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Keeping track of the N largest values

 
 
Roy Smith
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      12-25-2010
I'm processing a stream of N numbers and want to keep track of the K
largest. There's too many numbers in the stream (i.e. N is too large)
to keep in memory at once. K is small (100 would be typical).

From a theoretical point of view, I should be able to do this in N log K
time. What I'm doing now is essentially:

top = [-1] # Assume all x are >= 0
for x in input():
if x <= top[0]:
continue
top.append(x)
if len(top) > K:
top.sort()
top.pop(0)

I can see pathological cases (say, all input values the same) where
running time would be N K log K, but on average (N >> K and random
distribution of values), this should be pretty close to N.

Is there a better way to do this, either from a theoretical running time
point of view, or just a nicer way to code this in Python?
 
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Peter Otten
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      12-25-2010
Roy Smith wrote:

> I'm processing a stream of N numbers and want to keep track of the K
> largest. There's too many numbers in the stream (i.e. N is too large)
> to keep in memory at once. K is small (100 would be typical).
>
> From a theoretical point of view, I should be able to do this in N log K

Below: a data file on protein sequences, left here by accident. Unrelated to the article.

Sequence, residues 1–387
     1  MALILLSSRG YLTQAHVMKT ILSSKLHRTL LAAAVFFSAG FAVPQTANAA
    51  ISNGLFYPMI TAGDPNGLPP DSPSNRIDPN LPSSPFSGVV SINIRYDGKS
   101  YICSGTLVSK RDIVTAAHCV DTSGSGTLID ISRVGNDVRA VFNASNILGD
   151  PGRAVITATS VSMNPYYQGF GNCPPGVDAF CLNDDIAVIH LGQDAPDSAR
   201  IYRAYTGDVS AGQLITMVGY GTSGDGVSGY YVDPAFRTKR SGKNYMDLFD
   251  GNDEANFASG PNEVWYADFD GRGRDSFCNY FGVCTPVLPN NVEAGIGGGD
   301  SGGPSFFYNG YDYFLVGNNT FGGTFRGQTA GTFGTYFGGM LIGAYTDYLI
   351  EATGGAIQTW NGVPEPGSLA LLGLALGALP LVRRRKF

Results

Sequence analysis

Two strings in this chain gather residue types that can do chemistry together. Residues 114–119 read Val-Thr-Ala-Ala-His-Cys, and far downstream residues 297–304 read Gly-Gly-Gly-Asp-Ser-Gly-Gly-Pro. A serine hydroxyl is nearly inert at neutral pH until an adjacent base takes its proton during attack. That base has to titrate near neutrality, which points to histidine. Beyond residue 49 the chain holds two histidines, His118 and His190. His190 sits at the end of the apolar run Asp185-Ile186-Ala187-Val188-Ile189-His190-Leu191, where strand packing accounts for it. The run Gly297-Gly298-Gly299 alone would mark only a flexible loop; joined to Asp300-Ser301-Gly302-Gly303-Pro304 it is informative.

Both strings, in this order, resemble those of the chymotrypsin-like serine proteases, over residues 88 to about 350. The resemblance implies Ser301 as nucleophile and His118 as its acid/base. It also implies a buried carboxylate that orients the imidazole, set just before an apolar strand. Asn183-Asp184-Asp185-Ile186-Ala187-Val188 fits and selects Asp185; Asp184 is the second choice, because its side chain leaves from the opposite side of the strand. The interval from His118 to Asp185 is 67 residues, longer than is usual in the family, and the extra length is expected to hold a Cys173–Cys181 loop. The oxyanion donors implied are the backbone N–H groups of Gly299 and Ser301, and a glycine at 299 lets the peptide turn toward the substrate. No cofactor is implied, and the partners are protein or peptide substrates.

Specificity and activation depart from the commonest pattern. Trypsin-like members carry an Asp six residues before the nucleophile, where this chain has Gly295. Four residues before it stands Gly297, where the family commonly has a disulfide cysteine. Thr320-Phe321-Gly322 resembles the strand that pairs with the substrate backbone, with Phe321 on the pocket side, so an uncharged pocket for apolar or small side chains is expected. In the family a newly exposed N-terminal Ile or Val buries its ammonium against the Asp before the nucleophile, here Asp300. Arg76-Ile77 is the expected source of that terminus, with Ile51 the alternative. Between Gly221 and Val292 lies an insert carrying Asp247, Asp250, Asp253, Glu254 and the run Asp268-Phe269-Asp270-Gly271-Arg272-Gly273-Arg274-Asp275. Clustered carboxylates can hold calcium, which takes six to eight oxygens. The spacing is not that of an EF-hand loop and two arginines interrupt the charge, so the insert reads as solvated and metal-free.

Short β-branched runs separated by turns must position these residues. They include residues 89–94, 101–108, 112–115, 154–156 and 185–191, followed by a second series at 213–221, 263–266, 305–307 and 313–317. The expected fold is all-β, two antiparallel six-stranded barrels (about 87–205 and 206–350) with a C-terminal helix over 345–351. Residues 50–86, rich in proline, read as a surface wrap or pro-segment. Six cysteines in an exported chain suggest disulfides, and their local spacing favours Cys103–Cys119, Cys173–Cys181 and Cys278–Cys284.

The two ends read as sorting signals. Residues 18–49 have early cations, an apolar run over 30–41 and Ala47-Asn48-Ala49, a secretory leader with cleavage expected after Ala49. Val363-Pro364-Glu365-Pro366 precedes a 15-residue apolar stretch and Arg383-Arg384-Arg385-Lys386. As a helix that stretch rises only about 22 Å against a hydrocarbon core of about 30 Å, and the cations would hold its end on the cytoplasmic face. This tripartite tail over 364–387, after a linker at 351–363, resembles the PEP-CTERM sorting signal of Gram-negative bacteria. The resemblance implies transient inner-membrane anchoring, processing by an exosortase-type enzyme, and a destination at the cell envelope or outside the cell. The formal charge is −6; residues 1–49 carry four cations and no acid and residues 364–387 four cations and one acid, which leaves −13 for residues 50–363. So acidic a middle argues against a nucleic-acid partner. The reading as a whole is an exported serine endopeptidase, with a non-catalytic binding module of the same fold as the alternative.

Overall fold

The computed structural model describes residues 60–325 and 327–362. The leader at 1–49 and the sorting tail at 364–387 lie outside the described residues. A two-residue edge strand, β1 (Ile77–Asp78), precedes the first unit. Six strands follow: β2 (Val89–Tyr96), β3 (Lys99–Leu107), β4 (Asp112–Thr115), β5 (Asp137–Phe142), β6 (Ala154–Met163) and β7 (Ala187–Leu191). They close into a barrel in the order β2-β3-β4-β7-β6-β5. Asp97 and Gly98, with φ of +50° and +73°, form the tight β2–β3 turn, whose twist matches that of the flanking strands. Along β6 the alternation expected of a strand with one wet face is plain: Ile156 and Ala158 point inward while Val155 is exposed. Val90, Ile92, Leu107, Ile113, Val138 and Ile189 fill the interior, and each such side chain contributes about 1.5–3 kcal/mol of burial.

> time. What I'm doing now is essentially:
>
> top = [-1] # Assume all x are >= 0
> for x in input():
> if x <= top[0]:
> continue
> top.append(x)
> if len(top) > K:
> top.sort()
> top.pop(0)
>
> I can see pathological cases (say, all input values the same) where
> running time would be N K log K, but on average (N >> K and random
> distribution of values), this should be pretty close to N.
>
> Is there a better way to do this, either from a theoretical running time
> point of view, or just a nicer way to code this in Python?


http://docs.python.org/library/heapq...heapq.nlargest
 
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Robert Kern
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      12-25-2010
On 12/25/10 10:42 AM, Roy Smith wrote:
> I'm processing a stream of N numbers and want to keep track of the K
> largest. There's too many numbers in the stream (i.e. N is too large)
> to keep in memory at once. K is small (100 would be typical).
>
>> From a theoretical point of view, I should be able to do this in N log K

> time. What I'm doing now is essentially:
>
> top = [-1] # Assume all x are>= 0
> for x in input():
> if x<= top[0]:
> continue
> top.append(x)
> if len(top)> K:
> top.sort()
> top.pop(0)
>
> I can see pathological cases (say, all input values the same) where
> running time would be N K log K, but on average (N>> K and random
> distribution of values), this should be pretty close to N.
>
> Is there a better way to do this, either from a theoretical running time
> point of view, or just a nicer way to code this in Python?


heapq.nlargest()

http://docs.python.org/library/heapq#heapq.nlargest

--
Robert Kern

"I have come to believe that the whole world is an enigma, a harmless enigma
that is made terrible by our own mad attempt to interpret it as though it had
an underlying truth."
-- Umberto Eco

 
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Roy Smith
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      12-25-2010